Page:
Battledown, (and the Battle of Aclea)

Quiet fields between Basingstoke & Oakley – Now… © Nigel Smith

Close to where I live now in Oakley Hampshire, the railway divides in 2 directions, at Battledown Flyover, for the South and the West Country. Battledown has been well known to train buffs for over century. But what of the name, and could Battledown be a plausable site for the ancient The Battle of Aclea?

The Anglo-Saxon Chronicle describes a battle in 851 between invading Vikings landing around the Thames, against Beorhtwulf The King of Mercia, and then King Aethelwulf of the West Saxons. The West Saxons whilst coming to the aid of their saxon ‘Brothers’ strengthened their own influence with their victory against the Danes at Aclea . (Aethelwulf’s son Alfred, would later galvinise the saxons further leading the first recognisable ‘English’ kingdom as we know it, with his capital at Winchester Hampshire.

There has been much specution about where the battle took place but no one has been able to confirm for sure the exact location. Aclea meant ‘Oak field or glade’ and Ockley in Surrey, an Oakley in Bedfordshire and Water Oakley in Berkshire are all suggested candidates for this battle.

The Anglo-Saxon Chronicle reference is as an event, but it doesn’t give exact hints of location. From the point of view of the Vikings landing in the East from the Thames direction, Surrey and Kent would seem the likely regions… However from the Thames, the course of the Viking insurgecy went west, across Bedford, Surrey & Berkshire. This part of North Hampshire borders surrey and Berkshire, and the Thames so a skirmish could have easily meandered!

area-mapOakley, Hampshire’s location in South England

It was in the late Victorian period the idea of Oakley Hampshire being a possibilty was raised. In a letter to The Hampshire Chronicle Newspaper in 1884, Charles Cooksey explained why he felt the setting for the battle was in Hampshire. In 1910 Charles Oman’s book ‘England before the Norman Conquest’ also highlighted Oakley a possible site. Philologist Richard Coates relection on the Anglo Saxon Chronicle in 1989 also felt Oakley had some mileage away from the Ockley in Surrey location. The arguements have carried on being debated, and is still not convincing to everyone. ‘Surrey Medieval’ blog in 2013 still has it’s concearns against this evidence.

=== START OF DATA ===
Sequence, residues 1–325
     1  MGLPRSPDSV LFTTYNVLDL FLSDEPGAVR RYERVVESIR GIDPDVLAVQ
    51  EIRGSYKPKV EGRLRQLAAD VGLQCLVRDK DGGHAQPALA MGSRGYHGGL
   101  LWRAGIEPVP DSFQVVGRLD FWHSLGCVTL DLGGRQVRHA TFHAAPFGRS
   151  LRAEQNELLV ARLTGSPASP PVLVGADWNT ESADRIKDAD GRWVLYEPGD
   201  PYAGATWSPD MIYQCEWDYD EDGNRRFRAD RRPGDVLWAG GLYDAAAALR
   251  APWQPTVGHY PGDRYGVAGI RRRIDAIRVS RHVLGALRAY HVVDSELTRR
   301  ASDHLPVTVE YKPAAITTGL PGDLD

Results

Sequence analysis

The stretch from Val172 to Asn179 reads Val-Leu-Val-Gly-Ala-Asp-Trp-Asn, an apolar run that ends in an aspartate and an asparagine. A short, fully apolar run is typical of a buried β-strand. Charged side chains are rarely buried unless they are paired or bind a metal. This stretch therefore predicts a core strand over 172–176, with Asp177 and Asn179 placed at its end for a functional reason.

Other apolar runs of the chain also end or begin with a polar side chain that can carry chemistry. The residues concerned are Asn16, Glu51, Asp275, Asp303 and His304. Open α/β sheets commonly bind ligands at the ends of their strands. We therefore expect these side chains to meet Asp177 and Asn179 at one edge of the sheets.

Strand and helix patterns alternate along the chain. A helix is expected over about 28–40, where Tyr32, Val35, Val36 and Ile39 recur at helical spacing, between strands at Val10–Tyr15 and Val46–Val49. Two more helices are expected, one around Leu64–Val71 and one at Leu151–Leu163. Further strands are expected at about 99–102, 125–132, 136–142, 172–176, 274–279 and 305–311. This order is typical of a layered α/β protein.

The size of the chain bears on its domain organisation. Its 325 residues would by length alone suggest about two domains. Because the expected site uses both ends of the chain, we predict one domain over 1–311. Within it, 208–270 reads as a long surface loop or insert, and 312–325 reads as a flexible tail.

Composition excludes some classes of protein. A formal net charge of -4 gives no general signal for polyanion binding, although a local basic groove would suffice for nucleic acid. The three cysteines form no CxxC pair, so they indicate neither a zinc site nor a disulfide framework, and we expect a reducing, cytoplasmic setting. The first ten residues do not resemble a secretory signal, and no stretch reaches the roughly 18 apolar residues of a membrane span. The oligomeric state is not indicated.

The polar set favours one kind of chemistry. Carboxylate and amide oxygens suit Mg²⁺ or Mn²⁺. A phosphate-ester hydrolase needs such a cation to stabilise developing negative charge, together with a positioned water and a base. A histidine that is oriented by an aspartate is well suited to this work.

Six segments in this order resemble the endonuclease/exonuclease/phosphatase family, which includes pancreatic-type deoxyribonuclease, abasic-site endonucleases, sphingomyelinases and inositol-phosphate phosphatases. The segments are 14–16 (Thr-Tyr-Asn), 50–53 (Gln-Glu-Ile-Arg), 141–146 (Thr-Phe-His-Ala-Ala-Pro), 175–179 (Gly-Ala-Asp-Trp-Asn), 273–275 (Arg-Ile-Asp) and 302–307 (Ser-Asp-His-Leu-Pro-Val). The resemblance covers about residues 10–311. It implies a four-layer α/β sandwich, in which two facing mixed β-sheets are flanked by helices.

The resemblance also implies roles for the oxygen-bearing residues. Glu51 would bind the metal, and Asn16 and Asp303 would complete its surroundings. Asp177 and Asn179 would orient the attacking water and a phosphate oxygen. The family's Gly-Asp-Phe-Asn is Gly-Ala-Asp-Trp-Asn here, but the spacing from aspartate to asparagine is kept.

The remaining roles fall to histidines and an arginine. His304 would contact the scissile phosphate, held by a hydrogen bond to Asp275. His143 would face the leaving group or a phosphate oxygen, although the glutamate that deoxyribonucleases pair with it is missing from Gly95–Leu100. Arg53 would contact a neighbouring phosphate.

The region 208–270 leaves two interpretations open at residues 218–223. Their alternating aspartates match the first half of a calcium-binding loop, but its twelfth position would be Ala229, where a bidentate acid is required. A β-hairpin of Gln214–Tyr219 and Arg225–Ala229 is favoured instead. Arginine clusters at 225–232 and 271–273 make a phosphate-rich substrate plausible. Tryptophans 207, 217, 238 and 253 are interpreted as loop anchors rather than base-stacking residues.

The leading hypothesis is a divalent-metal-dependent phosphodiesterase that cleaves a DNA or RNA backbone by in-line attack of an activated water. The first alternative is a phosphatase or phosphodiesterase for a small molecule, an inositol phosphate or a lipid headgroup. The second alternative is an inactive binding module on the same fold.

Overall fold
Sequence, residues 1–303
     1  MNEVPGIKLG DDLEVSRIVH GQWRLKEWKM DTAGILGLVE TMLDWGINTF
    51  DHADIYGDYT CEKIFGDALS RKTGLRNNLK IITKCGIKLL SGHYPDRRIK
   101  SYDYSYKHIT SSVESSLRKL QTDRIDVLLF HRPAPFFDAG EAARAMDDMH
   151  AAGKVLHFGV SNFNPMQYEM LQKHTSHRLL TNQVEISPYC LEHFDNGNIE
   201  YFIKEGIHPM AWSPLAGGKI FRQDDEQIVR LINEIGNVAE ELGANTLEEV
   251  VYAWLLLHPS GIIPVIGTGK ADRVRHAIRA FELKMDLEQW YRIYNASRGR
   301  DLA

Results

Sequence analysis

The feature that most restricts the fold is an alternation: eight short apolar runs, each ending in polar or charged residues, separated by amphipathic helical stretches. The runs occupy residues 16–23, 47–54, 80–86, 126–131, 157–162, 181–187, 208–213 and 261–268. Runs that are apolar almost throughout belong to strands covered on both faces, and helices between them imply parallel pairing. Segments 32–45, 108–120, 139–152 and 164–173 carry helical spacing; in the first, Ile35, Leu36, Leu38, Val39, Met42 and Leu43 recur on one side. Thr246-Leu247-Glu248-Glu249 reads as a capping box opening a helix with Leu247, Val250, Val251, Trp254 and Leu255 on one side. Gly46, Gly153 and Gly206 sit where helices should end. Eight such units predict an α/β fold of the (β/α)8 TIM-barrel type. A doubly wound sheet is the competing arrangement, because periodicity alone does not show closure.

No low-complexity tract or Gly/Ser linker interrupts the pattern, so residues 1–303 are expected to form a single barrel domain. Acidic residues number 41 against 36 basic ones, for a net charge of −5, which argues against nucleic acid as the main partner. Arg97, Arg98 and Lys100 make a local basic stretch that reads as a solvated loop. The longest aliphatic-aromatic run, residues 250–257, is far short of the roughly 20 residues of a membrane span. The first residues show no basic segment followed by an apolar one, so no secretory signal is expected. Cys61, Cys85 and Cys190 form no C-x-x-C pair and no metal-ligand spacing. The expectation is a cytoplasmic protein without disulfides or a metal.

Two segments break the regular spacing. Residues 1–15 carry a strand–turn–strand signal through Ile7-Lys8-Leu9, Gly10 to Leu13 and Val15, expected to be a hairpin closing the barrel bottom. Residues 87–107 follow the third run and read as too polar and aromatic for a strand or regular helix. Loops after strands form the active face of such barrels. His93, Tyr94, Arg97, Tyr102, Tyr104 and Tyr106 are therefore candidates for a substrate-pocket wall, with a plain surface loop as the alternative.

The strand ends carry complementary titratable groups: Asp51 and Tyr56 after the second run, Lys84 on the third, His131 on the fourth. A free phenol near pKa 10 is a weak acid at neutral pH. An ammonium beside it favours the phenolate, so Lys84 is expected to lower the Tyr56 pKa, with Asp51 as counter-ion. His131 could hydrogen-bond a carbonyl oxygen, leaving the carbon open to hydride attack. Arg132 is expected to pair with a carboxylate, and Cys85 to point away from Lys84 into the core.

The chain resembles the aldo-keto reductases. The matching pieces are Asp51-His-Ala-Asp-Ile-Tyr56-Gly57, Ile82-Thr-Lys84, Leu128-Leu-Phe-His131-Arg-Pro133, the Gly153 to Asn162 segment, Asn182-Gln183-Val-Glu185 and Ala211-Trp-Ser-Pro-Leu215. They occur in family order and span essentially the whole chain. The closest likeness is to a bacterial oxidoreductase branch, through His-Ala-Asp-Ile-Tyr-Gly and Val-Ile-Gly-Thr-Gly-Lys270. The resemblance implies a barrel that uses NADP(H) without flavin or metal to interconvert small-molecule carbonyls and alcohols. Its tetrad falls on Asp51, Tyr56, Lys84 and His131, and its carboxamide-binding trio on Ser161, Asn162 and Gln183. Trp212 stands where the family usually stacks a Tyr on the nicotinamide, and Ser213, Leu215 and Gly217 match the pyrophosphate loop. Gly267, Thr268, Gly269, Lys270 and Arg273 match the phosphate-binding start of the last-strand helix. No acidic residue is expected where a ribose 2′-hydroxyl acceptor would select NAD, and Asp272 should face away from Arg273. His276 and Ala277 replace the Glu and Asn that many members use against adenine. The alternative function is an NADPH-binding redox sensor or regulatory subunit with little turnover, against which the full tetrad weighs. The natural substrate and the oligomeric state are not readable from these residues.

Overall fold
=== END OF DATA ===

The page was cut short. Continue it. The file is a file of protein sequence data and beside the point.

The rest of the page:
So why do I too suggest that Battledown could be the scene of the battle? As said, I’m not the first person to suggest this or saying I am an expert, but it should be considered a possiblity. The point is no-one can really be sure 100% sure of the location.

The Location of ‘Battledown’


Ancient routes near Oakley in location to ‘Battledown’

The Place has got history…

The location of Battledown is important. The Romans built a road from Silchester to Winchester, and we still use this route today (A33). But older than that is ‘The Harrow Way’ which intersects the Roman road at Battledown. This ancient trackway form part of ‘The Old Way’ from the Neolithic period. (The Neolithic hillfort Winklebury camp is also a couple of miles north which you can read in another blog of mine).

Oakley is 16 miles north of Winchester the Wessex capital, less than half a days ride. According to F.H. Baring, he believed several Synod’s of West Saxons, had been held at Acleah in 782 & 789 in Hampshire. An article of ‘Roots.Web’ suggests  A West Saxon Witenagemot or a ‘Kings Council’ I read of took place in 824 during King Egbert’s reign.

I think it is fair to say it was probably a good place to ‘convene’ with its trackways still primary routes across the Kingdom of Wessex.

It is said there was a battle that was fought there in 904 AD when Ethelwulf defeated the Danes, (after a previous battle recorded in 871 againgst the Danes, which had been lost.
In Basingstoke this area is still called ‘Daneshill’ to the North East). King Alfred followed later, but the historic battles with the Danes would have been an influence in his shaping as a King of Wessex.

The area of Battledown today  © Nigel Smith

The Roman road, towards the Winchester direction is marked by the trees on the left.

© Nigel Smith

I don’t wish to get all mystical about the setting, but if you walk or cycle across this spot, (which I recommend just for it peace and subtle beauty), It feels very believable that a battle took place here. As time has progressed, the fact is other sites have gained credability in accademia maybe just because of their logical convenience to London. Oakley has, on the face of it, just become a dormant setting away from the action. I just go back to my original nagging thought, Why has the name ‘Battledown’ endured?





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